TPP from an American perspective
Ihave been regularly writing about the need for prudence in striking trade agreements. Good trade agreements can be the key to a country's global connectivity, its growth, job creation endeavors and for achieving domestic corporate excellence, whereas, poorly thought through agreements can end up destroying the very national industrial base whose strengthening should be the underlying objective when negotiating trade agreements in the first place. Then of course there are some collective global issues that can only be resolved or made progress upon through wider understanding and cooperation. For example, climate change - an all-impor- tant issue which cannot be confronted effectively unless all major nations jointly participate in the effort. Let's take last year's Paris agreement: Now how would Pakistan show for itself as a nation if it was not to be a part of this global consensus or was to renege on its commitments? And it is in light of these broader aspects that the Trans Pacific Partnership (TPP) should be evaluated - a deal negotiated by the Obama administration but yet to be approved by the US Congress.
Like any trade deal, the TPP may not be perfect, but certainly does not deserve the kind of criticism being lobbed its way not only by the Republicans but also from within the Democratic Party (i.e. by Hillary Clinton and Bernie Sanders). Let's try and evaluate that what the TPP actually encompasses and does it work towards achieving the broader American goals vis- à-vis global trade or otherwise? First, a good starting pointing is always to look at the ground realities as they stand today. Currently about 80 percent of the goods from the 11 TPP partners already come into the USA duty-free while majority of the US goods attract significant duty tariffs in all of these countries. So from the US perspective, if it were to eliminate tariffs on further 18,000 items with a reciprocity on tariff removal to match the 'entire' zerotariff list of the US, it could turn-out to be a great advantage for the American manufacturers who presently compete with duty-free imported goods, but will then also have duty-free access for their goods to 11 new markets. On average the applied tariff in the US is only 1.50 percent, whereas, these Pacific countries have high import duties, for example Vietnam charges over 50 percent on cars and machines as import taxes. Getting them to abolish such high import duties can only be in the interest of US exporters. Second, for any one negotiating trade deals on behalf of the US, it is important to keep in mind that America's total manufacturing output today is nearing an all-time high (as reported by the US Industrial data bureau in December 2015) and it is imperative for the American industrial confidence and for the much desired employment generation that it does not falter at this juncture. True that a sizeable chunk of this increase in industrial output has come about by deploying more robots and fewer people, but still the economy has created nearly 900,000 manufacturing jobs since 2010, because the government has ably supported the industry through cheap energy, investing in skill development and ensuring friendly labor-management relations, and this needs to be maintained going forward. In striking this deal the Obama administration has primarily tried to sustain this momentum. It has put its faith in the average American worker that given a level playing field, he has the ability to compete globally.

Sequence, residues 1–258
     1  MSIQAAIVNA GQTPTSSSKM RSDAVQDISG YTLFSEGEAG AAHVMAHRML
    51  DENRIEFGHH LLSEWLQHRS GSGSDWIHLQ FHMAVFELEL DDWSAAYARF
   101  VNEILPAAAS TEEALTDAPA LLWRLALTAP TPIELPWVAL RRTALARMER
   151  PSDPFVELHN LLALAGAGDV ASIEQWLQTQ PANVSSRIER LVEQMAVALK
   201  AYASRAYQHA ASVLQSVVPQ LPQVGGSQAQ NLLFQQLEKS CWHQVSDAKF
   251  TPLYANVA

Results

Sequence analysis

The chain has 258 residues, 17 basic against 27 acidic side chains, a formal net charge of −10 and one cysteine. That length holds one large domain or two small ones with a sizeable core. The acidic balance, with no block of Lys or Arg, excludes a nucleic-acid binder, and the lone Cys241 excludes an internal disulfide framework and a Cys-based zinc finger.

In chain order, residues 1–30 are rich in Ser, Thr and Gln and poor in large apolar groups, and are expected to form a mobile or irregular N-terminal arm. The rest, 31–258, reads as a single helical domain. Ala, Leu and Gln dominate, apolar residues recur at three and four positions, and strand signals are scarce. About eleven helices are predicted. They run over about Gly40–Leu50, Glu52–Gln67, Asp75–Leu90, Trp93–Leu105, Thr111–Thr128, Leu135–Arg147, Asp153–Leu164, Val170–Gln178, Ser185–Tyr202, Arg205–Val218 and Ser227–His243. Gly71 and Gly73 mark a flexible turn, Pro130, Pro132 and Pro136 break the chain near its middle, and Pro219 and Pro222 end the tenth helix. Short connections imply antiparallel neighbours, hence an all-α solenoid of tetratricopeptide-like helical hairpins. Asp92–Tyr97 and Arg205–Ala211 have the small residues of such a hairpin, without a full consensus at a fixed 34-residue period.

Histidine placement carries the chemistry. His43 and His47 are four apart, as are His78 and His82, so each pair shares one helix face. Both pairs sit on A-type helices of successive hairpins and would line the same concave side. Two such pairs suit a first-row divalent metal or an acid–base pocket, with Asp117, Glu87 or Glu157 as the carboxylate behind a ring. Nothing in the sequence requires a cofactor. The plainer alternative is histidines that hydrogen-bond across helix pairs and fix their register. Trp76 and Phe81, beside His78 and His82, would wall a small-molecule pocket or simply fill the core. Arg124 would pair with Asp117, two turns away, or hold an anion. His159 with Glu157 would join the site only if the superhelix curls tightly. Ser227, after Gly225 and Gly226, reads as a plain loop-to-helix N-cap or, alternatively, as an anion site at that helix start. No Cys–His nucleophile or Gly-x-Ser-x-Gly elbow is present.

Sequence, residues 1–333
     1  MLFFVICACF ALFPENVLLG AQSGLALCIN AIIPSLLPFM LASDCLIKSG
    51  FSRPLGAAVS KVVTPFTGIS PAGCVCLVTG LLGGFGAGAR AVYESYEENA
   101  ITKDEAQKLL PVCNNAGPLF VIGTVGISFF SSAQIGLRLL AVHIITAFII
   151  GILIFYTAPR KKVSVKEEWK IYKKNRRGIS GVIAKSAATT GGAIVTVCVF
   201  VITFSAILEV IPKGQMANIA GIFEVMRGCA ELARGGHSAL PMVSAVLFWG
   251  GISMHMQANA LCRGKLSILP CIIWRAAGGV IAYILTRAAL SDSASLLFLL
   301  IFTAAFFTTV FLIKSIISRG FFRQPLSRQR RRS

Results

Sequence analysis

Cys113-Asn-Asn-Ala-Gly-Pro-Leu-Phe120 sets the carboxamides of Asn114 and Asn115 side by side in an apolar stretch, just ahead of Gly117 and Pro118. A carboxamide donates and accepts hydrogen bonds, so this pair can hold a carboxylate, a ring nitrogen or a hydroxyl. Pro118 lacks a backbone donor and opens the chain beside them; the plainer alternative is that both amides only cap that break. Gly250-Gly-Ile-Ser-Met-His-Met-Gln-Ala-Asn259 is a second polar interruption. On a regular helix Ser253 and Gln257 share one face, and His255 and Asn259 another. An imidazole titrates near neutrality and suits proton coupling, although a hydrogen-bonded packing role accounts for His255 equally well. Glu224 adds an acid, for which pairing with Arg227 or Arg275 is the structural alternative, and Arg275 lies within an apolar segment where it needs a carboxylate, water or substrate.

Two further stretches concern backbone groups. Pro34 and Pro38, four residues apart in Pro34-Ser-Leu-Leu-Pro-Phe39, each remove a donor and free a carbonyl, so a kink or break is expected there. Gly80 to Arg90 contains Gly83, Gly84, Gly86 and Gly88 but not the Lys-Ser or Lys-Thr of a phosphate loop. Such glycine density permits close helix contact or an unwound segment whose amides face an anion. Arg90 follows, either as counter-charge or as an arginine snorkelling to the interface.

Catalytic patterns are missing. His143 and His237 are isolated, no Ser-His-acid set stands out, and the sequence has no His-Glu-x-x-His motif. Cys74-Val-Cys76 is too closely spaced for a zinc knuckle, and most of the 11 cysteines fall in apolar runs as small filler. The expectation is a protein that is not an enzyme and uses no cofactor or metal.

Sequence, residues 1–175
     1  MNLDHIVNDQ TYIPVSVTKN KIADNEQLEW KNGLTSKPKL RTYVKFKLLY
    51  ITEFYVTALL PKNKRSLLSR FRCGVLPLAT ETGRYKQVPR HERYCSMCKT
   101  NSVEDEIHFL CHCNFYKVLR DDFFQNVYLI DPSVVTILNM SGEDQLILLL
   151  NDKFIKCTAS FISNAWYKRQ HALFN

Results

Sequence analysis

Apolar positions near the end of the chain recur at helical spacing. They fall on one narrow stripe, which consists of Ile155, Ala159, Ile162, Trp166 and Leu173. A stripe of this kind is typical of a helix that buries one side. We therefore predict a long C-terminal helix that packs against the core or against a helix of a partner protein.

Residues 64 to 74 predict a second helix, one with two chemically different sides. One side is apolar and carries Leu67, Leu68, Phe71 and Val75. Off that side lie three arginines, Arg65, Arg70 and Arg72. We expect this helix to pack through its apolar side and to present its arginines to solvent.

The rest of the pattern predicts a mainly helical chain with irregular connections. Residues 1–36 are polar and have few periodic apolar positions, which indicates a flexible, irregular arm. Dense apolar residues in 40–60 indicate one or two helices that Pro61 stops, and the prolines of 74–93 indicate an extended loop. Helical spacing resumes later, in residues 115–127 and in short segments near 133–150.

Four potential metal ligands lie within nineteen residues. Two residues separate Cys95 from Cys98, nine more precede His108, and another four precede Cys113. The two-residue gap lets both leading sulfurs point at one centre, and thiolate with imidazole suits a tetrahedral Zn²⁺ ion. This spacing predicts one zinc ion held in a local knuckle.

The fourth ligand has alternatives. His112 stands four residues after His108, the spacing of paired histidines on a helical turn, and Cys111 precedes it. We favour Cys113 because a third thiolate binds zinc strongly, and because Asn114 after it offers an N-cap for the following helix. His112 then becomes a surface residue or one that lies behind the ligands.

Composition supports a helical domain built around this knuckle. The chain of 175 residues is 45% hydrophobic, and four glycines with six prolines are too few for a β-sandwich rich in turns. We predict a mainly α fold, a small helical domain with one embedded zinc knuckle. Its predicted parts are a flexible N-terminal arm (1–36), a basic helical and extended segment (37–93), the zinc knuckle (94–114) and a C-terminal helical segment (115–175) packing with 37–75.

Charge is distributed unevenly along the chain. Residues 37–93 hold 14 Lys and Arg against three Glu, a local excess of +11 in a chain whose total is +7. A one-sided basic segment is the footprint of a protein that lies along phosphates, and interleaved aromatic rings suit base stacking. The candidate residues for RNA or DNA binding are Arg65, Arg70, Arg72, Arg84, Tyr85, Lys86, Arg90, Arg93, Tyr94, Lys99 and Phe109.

Third, there is an ethical and moral victory in putting the TPP together, because the deal explicitly looks after the interests of the blue-collar workers. For all members' countries, it ensures freedom for workers to form independent trade unions, to elect their own labor leaders, to collectively bargain and to eliminate all child and forced labor practices. Also, it entails laws on minimum wages, hours of work and occupational safety and health. Fourth, specifically to the advantage of the US, the deal prohibits all customs duties for digital products, ensures that US companies do not have to share their source codes and that there exists free access for all cloud computing services in all 12 countries - all these being areas of growing US strength. Fifth, it tackles certain larger global concerns that have been consistently raised by majority of countries at the United Nations platform. The deal requires all signatories - especially Malaysia - to take real steps to halt human trafficking from such countries as Thailand, Myanmar and Bangladesh and asks of each signatory to improve access for human rights groups to assist victims of trafficking. In addition, it requires that all signatories combat trafficking in endangered wildlife parts, like elephant tusks and rhino horns, and end all their subsidies that stimulate over-fishing.